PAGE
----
Many haven't heard of it and don't understand it, but it's here, and it just might increase your service business.

March 1, 2012
A recent study showed that 70% of American drivers weren't familiar with Compliance, Safety, Accountability (CSA), which was rolled out in December 2010

A recent study showed that 70% of American drivers weren't familiar with Compliance, Safety, Accountability (CSA), which was rolled out in December 2010 as a major Federal Motor Carrier Safety Administration (FMCSA) initiative to improve the effectiveness of the agency's compliance and enforcement programs.

“To me, that's scary,” said Annette Sandberg, CEO of TransSafe Consulting and the FMCSA's administrator and deputy administrator at the time CSA started.

Want to know what's even scarier? She says that 50% to 60% of carriers didn't even know what CSA is, according to the study.

“If I had a public scorecard on my company that was available on the web and anybody could look it up, I would be checking that every single day,” she said. “Carriers can not only look at a snapshot, but can go in through the portal and see inspections loaded daily. It's important that they are proactive on this.”

In “The Impact of CSA: Helping Your Customers Comply While Growing Your Business,” Sandberg — a nationally recognized expert in the field of Department of Transportation (DOT) safety who advises motor carriers, logistics companies, and shippers in transportation regulatory compliance and motor carrier safety issues — analyzed and brought clarity to this misunderstood regulation.

She said FMCSA regulates a population featuring 514,000 active interstate motor carriers, nine million large trucks, 843,000 buses, and 6.8 million commercial vehicle drivers, including smaller CVs.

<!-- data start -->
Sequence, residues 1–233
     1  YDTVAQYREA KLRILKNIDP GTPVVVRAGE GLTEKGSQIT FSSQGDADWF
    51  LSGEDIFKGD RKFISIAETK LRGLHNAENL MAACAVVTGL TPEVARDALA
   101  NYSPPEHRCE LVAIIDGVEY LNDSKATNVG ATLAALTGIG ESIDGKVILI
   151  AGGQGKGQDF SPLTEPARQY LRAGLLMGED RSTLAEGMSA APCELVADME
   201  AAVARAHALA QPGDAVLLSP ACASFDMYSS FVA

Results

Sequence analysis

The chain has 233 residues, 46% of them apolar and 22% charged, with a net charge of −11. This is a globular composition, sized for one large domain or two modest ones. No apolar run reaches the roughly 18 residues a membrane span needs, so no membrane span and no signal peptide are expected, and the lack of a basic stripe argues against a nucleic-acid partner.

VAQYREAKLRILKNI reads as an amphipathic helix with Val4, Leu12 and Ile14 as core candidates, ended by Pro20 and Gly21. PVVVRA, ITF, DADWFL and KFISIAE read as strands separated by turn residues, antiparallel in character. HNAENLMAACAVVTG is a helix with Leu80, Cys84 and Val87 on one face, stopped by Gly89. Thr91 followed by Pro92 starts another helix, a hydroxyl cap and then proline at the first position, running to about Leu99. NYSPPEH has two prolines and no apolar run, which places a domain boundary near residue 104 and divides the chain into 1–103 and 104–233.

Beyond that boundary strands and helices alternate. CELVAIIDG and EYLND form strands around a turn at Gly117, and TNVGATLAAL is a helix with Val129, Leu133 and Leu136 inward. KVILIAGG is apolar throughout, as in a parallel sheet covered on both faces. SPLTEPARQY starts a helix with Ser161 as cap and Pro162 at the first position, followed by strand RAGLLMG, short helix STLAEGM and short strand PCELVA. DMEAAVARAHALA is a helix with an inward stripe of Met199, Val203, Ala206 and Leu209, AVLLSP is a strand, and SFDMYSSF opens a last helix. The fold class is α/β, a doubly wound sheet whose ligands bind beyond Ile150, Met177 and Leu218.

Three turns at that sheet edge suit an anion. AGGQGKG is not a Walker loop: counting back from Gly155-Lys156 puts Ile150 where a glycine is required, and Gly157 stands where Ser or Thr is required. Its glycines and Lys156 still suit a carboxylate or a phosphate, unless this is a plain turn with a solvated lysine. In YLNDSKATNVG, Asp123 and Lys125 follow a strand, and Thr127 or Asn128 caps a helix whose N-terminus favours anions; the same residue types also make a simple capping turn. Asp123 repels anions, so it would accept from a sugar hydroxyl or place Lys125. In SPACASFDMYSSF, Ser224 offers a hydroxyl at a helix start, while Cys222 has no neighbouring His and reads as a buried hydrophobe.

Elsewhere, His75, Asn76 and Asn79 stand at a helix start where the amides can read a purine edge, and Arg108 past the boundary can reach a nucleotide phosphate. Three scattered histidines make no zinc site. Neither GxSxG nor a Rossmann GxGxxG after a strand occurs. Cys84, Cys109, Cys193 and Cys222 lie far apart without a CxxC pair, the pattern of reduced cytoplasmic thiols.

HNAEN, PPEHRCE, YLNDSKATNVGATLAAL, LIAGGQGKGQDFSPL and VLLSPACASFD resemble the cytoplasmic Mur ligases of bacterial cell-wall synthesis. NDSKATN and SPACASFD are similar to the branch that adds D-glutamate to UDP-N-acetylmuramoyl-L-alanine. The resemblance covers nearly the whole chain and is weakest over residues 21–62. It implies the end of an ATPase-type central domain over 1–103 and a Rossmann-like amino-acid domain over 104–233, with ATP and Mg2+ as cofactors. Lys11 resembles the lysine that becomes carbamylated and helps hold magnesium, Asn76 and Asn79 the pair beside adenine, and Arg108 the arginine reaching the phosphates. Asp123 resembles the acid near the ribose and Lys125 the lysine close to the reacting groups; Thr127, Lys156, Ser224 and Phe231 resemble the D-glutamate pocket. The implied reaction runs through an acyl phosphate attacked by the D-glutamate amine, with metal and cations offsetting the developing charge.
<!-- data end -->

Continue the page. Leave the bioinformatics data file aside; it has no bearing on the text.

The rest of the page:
“One of the things Congress told us when I was administrator was that we had to more effectively identify unsafe carriers sooner before they're involved in a catastrophic crash,” she said. “CSA is what I'd call a targeting tool. It allows FMCSA and states to have more tools to intervene with ‘potentially unsafe’ carriers and uses all data from the roadside to identify potential problems. It will mean more potential enforcement against poor-performing carriers and new accountability for drivers.”

She said that in CSA's operational model, data collected from roadside inspections and state-reported crashes is processed through its Safety Measurement System (SMS), featuring: the Carrier Safety Measurement System (CSMS), using 24 months of data; and the Driver Safety Measurement System (DSMS), using 36 months of data.

FMCSA regulates all motor carriers (all vehicles with a GVCWR over 10,000 lbs in interstate commerce and all hazardous material carriers). Many states require intrastate carriers to register and get a DOT number. Some FMCSA regulations (CDL and drug testing) apply to all commercial motor vehicle drivers if the vehicle is over 26,000 lbs GCVWR. This applies to Canadian and Mexican carriers entering the United States.

Sandberg said an interstate motor carrier applies when:

  • The cargo originates in one state and the destination is in another state or country.
  • The cargo originates in one state, the destination is in the same state, and the vehicle passes through another state or country to get to the destination.
  • The cargo originates in one state, moves by motor carrier to another location in the same state, and then moves by another mode (air, rail, water) to a destination in another state or country.
  • The cargo originates in one state, moves by another mode (air, rail, water) to a destination in another state, and then moves by motor carrier to its final destination in the second state.
  • The cargo originates in another country, arrives in a state, and moves by motor carrier to its final destination in the same state.